164 F. 3d 696, 697. 704 I 1st Cir. 1999) (analysis of Massachussetts decision on viability
of disparate impact age claims) ; Felbotte v. Dow Jones & Co. , 51 F. Supp. 2d 36, 44
(D. Mass 1999).
The Superior Court properly dismissed the plaintiffs’ disparate impact age
Discrimination claim because such a claim is not recongnized by Massachusette court
thus the plaintiffs failed to state a claim upon which relief could be granted.
B. The plaintiffs failed to allege facts sufficient to establish a claim of disparate
treatment age discrimination because they fail to allege the ages of two out of
the four 2000 fellowships recipients and fail to allege the age of any of the
2001 - 2002 fellwoship recipients.
Age discrimination may only be logically inferred when the postion is given to
someone who is “substantially younger” than the plaintiff. O’Connor v. Consolidated
Coin Caterers Corp. 517 U. S. 308, 313 (1996) ; Knight v. Avon Products, Inc. 438 Mass.
413, 422 (2003) (holding that an age disparity of less than
Five years, by itself, is too insignificant to support a prima facie case of age discrimination).
The plaintiffs failto allege the age of the remaining two recipients of the year
2000 fellowships. * Additionally, the plaintiffs fail to allege any characteristics, including
their age, of the people selected for the 2001 or 2002 fellowships.
In thei complaint the plaintiffs state that
(t)he Defendants selected candidates ( for the 2000 fellowship) with insufficient
qualifications, no experience fo the Vietnamese Diaspore, and in some instances
admitted agents of the Communist Party of the Socialist Republice of Vietnam.
(Of the four candidates selected one was) under the age of 40 (and another was)
approximately 25 years of age. The candidates selected were far less qualified
than the Plaintiffs.
Absent the alleged ages of all the people selected for the fellowships, no logical
inference of age discrimination can be made. See O’Connor, 517 U.S. at 313 ; Knight,
438 mass. At 422. This, the plaintiffs fail to establish a prime facie case of age disrimination.
III. THE SUPRIOR COURT WAS CORRECT IN HOLDING THAT THE PLAINTIFFS
ATTEMPTED TO ESTABLISH A PROTECTED CLASS
* The Superior Court noted this and reasoned that such a failure would necessarily defeat the
plaintiffs’ claimof age discrimintion. App. 212, ftn. 2.
SOLEY DEFINED BY POLITICAL BELEIFS AND THUS NOT PROTECTED
BY THE ANTI-DISCRIMINATION LAWS OF THE COMMONWEALTH.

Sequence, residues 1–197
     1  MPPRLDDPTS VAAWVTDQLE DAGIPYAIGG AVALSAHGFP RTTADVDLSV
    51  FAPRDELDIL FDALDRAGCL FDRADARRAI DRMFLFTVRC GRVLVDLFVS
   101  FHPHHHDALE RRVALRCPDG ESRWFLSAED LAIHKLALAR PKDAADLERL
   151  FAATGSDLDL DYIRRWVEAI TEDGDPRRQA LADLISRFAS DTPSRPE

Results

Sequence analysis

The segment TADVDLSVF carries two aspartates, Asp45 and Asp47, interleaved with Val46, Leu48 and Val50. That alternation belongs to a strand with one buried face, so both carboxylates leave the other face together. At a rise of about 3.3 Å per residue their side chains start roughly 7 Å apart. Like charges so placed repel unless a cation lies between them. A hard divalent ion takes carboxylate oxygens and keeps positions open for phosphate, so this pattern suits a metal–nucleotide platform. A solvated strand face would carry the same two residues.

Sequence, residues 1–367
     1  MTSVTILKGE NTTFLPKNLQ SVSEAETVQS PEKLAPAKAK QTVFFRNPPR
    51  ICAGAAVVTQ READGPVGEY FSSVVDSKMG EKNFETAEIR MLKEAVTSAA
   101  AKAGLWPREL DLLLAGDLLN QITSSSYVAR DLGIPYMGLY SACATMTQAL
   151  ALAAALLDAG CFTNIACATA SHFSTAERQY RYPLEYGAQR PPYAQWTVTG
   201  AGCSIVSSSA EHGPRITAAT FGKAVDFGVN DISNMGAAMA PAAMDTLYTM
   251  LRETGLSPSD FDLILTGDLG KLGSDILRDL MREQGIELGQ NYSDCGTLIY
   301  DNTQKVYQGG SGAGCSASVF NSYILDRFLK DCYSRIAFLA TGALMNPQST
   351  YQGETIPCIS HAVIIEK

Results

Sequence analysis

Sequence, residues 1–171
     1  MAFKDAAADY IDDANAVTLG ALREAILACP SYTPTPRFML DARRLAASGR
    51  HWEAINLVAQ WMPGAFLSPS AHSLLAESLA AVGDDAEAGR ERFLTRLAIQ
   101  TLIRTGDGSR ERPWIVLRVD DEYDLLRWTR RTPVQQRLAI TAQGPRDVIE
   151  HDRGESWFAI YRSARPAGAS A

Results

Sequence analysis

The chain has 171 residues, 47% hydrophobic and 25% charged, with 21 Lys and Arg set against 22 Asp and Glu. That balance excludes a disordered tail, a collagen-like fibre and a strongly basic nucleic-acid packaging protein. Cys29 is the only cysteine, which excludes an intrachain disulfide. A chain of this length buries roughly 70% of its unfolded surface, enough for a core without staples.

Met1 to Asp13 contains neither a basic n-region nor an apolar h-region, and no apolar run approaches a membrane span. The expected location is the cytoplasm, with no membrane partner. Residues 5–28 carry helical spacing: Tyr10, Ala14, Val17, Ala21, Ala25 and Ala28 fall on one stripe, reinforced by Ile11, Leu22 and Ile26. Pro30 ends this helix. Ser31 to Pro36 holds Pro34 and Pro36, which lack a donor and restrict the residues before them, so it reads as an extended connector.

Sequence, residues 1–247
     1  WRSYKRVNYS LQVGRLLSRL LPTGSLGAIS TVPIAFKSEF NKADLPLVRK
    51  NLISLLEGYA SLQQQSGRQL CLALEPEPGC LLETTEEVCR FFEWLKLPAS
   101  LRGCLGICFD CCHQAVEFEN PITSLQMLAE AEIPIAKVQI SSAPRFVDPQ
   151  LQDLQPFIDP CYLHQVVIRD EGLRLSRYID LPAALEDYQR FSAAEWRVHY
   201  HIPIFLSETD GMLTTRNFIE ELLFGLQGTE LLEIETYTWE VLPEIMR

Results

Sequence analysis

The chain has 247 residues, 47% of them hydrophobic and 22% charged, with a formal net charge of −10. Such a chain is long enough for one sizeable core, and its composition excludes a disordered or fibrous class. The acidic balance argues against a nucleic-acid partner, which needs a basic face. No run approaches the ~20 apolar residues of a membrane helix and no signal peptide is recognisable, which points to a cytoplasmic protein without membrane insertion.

In order to establish a prima facie case of age and nationail origin discrimination,
the plaintiffs must allege that the defendant’s practice or policy had a disparate impact on
members of a protected class to which he or she belongs. EEOC v. Steamship Clerks Union,
Local 1066, 48 F. 3d 594, 601 (1st Cir. 1995). The Supreme Judicial Court has held that
M.G.L. c. 151B does not protect discrimination founded on policticail or social beliefs. See
Opinion of the Justices of the house of Represemtatives, 423 Mass. 1244 (1996); Harvard
Law School Coalition of Civil Rights v. President & Fellows of Harvard College, 413
Mass 66. 68 - 70 (1992).
A. The plaintiffs fail to allege that any practice or policy of the defendant had a
disperated impact on a protected class with respect to national origin.
The Supreme Court has defined “national origin” as referring “ to the country where
a person was born, or, mor broadly, the country from which his or her ancestors came. Espinoza
v. Farah Manufacturing Co. , Inc. 414 U. S. 86, 88 ( 1973).
Groups of people who sahre the same country of origin have not been afforded national
origin status based on the individual region or sections of that country. Claim of national
origin discrimination on the basis of being a southern (Confederate) American have been
Rejected because southern Americans are not distinct from northern Americans. See Storey
v. Burns International Security Service, 390 F. 3d 760. 762-63 (3rd Cir. 2004) (“Confederate
Southern America” is not a protected class); Chaplin v. Du Pont Advance Fiber Systems, 293 F.
Supp. 2d 622, 628 (E.D. Va. 2003) (citing Terrill v. Chao, 31 Fed. Appx. 99 (4th Cir. 2002)
(“Confederate American” cannot claim national origin discrimination because plaintiff could
not claim a distinct physical identity)); Williams v.Frank, 757 F. 112, 120 (D. Mass 199l)
(Southerness is not a protected trait). In these cases, the courts rejected any notion that there is
a distinction between Americasn from the south and from the north. The courts also rejected the
claim that Confederate Americans are a distinct group because they share some common culture
or history of persecution. See Storey 390 F. 3rd 760, 762 - 63.
All of the paintiffs allege that they were born sometime between 1923 ( Plaintiff Bui
Diem) and 1942 (Plaintiff Nam Nhat Phan). App. 192 - 185. During this entire time, the
country now know as Vietnam was part of the French protectorate of Indochina ( officially
known as the “ Indochinese of Union”) and was not knows as “South Vietnam” or the
“Republic of Vietnam.” The Vietnam War Almanac, Harry G. Summers, Jr. 16 (3rd ed.
(1999) * (in 1887 France formed the Indochinese Union that included Vietnam, which
lasted until 1945, when the Democratic Republic of Vietnam was proclaimed). As the
plaintiffs point out, the political entity known as South Vietnam lasted for only twenty-one
(21) years, from 1954 to 1875. (Breif of Appellants, pg. 39). South Vietnam did not sxist
when the plaintiffs were born and does not exist as a country today. See Summer, supra, at 16.
Today, the area where the plaintiffs were born in is officially known as the Socialist Republic
of Vietnam. CIA World Factbook, Vietnam, at